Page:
PDI-14: Building a Professional Learning Community through Reflective Practice
Date: Wednesday, March 18, 2009
Location: New Orleans—Ernest N. Morial Convention Center, room 341
Science Area: Integrated/General
Intended Audience: Elementary; Middle Level; High Shcool; Supervision/Administration; General
Recommended Pathway Sessions
Kathy DiRanna, K-12 Alliance Statewide Director, WestEd
Karen Cerwin, K-12 Alliance Regional Director, WestEd
Jody Sherriff, K-12 Alliance Regional Director, WestEd
Jo Topps, K-12 Alliance Regional Director, WestEd
This session will address the following questions:
- What are the components of professional learning communities?
- What is reflective practice and how does it build community?
- What evidence is there that professional communities lead to changes in teacher practice and increase student understanding?
- How do professional development strategies such as identifying learning goals, looking at student work, lesson study contribute to reflective practice?
- How can you build communities through reflective practice into your context?
A classroom that is thriving is an environment of complex interactions. At every moment, teachers make hundreds of instructional decisions—some instinctively, some based on planning, and some “just because.” What would happen if those decisions were intentional—the result of reflective practice in which teachers used their reflections to “act in a deliberate, intentional manner” to improve student learning (Reagan, Case, & Brubacher, 2000)?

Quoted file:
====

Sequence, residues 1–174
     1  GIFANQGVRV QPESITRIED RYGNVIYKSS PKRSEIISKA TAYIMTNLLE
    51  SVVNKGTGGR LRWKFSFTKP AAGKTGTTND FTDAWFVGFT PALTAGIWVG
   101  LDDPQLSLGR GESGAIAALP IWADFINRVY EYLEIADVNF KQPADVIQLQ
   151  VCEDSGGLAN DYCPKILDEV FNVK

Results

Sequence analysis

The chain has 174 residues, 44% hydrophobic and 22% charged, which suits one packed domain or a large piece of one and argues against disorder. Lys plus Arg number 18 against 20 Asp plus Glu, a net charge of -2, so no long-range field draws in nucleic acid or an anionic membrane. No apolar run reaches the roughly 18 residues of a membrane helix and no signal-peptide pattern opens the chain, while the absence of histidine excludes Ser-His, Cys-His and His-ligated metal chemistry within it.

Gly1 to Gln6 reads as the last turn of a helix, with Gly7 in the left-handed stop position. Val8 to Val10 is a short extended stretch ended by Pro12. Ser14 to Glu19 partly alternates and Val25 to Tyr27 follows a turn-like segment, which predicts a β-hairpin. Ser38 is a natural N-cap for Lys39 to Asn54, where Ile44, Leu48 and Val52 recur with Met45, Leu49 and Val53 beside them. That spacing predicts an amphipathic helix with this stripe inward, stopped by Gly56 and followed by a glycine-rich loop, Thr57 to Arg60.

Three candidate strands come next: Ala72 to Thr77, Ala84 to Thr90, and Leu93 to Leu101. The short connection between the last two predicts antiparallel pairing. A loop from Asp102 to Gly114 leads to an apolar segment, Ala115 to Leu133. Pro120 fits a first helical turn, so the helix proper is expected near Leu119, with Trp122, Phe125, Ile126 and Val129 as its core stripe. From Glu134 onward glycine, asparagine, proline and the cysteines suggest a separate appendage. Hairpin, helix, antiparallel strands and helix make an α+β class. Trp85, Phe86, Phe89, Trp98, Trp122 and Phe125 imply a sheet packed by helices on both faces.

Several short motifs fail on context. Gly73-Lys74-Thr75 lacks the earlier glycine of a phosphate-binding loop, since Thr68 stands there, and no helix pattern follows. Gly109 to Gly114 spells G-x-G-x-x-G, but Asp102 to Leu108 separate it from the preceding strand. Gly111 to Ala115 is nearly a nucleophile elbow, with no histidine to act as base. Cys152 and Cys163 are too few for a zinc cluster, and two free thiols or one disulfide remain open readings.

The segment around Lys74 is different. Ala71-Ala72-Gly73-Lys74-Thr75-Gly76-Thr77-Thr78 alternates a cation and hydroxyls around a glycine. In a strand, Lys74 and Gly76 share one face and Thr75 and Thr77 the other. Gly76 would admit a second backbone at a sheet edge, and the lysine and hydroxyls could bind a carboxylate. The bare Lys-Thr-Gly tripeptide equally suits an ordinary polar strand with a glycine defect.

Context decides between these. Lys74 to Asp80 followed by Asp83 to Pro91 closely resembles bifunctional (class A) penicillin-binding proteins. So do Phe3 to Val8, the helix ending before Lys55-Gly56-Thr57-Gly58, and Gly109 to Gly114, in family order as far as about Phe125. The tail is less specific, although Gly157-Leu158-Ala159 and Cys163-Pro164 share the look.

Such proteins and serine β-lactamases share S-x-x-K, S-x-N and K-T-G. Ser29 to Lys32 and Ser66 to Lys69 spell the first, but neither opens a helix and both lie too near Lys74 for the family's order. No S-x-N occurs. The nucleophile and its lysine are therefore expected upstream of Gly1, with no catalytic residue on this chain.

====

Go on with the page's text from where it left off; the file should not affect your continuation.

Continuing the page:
What could happen if these teachers formed a professional learning community of reflective practitioners? The literature and research tells us that when teachers operate in professional learning communities and take collective responsibility for student learning, they produce school-wide gains in academic achievement. (Louis,Kruse, Marks, 1996).
In this session, we explore what it means to build a professional learning community of reflective practitioners who can, collectively, draw upon their knowledge of science, developmentally appropriate curriculum, instructional strategies, and assessment practices to improve student understanding and achievement.
- Develop an awareness of the tenets of learning communities and reflective practice
- Experience a process/tool (creating a conceptual flow of content for instruction and assessment) that can ground a reflective community in real work
- Be introduced to six other tools/strategies that promote reflective practice and that are part of the PDI pathway sessions (use an assessment portfolio to develop an assessment plan for student learning; participate in a lesson study focused on lesson design to optimize student learning ; develop conceptual flows to maximize student learning, design targeted interventions for student learning problems, develop rubrics and planning feedback for students, get started on professional learning communities).
- Recognize the value of reflective practice as an individual teacher, and as a member of the school community.